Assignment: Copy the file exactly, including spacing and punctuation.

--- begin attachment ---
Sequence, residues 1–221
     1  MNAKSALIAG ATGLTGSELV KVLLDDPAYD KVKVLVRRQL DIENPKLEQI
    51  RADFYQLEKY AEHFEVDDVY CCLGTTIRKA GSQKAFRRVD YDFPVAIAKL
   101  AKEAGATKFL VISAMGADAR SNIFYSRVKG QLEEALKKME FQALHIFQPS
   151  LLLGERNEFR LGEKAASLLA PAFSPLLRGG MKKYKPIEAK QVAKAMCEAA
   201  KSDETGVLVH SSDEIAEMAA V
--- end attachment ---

Sequence, residues 1–221
     1  MNAKSALIAG ATGLTGSELV KVLLDDPAYD KVKVLVRRQL DIENPKLEQI
    51  RADFYQLEKY AEHFEVDDVY CCLGTTIRKA GSQKAFRRVD YDFPVAIAKL
   101  AKEAGATKFL VISAMGADAR SNIFYSRVKG QLEEALKKME FQALHIFQPS
   151  LLLGERNEFR LGEKAASLLA PAFSPLLRGG MKKYKPIEAK QVAKAMCEAA
   201  KSDETGVLVH SSDEIAEMAA V